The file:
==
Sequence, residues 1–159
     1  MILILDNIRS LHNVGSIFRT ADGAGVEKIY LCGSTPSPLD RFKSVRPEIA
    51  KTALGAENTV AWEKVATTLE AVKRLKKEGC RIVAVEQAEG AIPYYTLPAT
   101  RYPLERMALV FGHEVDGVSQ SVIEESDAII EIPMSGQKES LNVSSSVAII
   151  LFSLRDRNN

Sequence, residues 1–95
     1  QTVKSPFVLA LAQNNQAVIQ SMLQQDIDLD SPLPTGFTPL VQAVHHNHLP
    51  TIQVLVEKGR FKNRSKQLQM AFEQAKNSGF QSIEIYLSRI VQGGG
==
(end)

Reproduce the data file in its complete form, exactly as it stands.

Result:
Sequence, residues 1–159
     1  MILILDNIRS LHNVGSIFRT ADGAGVEKIY LCGSTPSPLD RFKSVRPEIA
    51  KTALGAENTV AWEKVATTLE AVKRLKKEGC RIVAVEQAEG AIPYYTLPAT
   101  RYPLERMALV FGHEVDGVSQ SVIEESDAII EIPMSGQKES LNVSSSVAII
   151  LFSLRDRNN

Sequence, residues 1–95
     1  QTVKSPFVLA LAQNNQAVIQ SMLQQDIDLD SPLPTGFTPL VQAVHHNHLP
    51  TIQVLVEKGR FKNRSKQLQM AFEQAKNSGF QSIEIYLSRI VQGGG